In praise of Cornwall | Unlock Democracy. For me the campaign for devolution and decentralisation has always been about bringing power closer to the people and allowing communities to have a greater say over their own affairs. Why should decisions on transport, education or the environment be taken in Westminster, far way from the people they effect? The assumption that the policy framework should be the same in Birmingham as in Kent, stifles innovation and lets down local people. The centralised way we run England is not the norm in the democratic world; in most countries of a similar size far more power is exercised at a lower level (you can see how England compares by trying our Autonomy Project tool).
When it comes to discussing devolution within England, the debate has traditionally been dominated by the big cities, regions and counties. Under the last government what discussion there was a top down one where central government decided who, if anyone, was allowed more power.
But there has always been an alternative voice arguing that devolution doesn’t have to be a top down affair and shouldn’t be simply about size, but should be about local identity and need.
This alternative voice has been loudest and most persistent in Cornwall. In fact it is the one area of the country that managed to generate genuine enthusiasm (50,000 signatures representing 1 in 10 Cornish residents) for the last government’s proposed regional assemblies only to be told that the legislation didn’t apply to them. It still has a ongoing campaign for greater autonomy and Cornwall Council is probably the only Council that has a cabinet member responsible for devolution. Cornwall is the only English County with its own language and nationalist movement, which argues that Cornwall is a nation in its own right and should be considered a distinct part of the UK in the same way as Scotland and Wales. In a poll in 2004, 44% of those asked said they felt Cornish, rather than English or British.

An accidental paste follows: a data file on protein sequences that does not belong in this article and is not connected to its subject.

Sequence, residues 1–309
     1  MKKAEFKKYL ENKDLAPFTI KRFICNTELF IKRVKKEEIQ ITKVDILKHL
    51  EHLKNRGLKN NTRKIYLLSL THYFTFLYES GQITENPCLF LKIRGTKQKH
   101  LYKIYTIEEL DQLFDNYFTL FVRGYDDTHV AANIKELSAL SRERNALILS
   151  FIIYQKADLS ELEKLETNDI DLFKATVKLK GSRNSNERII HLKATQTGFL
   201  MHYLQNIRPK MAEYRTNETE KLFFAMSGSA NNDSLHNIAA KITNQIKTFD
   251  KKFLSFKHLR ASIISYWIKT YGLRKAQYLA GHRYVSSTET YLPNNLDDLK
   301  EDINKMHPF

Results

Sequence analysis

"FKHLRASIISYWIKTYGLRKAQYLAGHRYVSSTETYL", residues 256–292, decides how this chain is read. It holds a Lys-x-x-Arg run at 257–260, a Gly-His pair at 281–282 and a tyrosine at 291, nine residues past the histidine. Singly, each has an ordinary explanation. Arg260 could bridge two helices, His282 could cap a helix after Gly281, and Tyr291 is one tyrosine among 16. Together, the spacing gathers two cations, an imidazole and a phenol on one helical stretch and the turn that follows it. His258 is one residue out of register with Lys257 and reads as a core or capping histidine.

However this isn’t a argument simply for Cornish exceptionalism; indeed such an argument may hinder the campaign for greater autonomy in Cornwall as it would requiring a large amount of legislative time just for Cornwall rather than linking into the wider debate about devolution and decentralisation within England. There is no reason that other parts of the country, be they Kent, Birmingham or Yorkshire should not have the same right to autonomy if they wanted it.
I have little doubt that if a mechanism was introduced to enable communities to be able to pull down powers that Cornwall would be near the front of the queue. But it would not be alone; people in other areas would doubtlessly seek greater devolution as well. For many Cornish people, the push for devolution has two objectives: recognition as a national minority and greater autonomy. They may find that by establishing themselves as the vanguard of a more decentralised England, they will ultimately be successful in achieving both.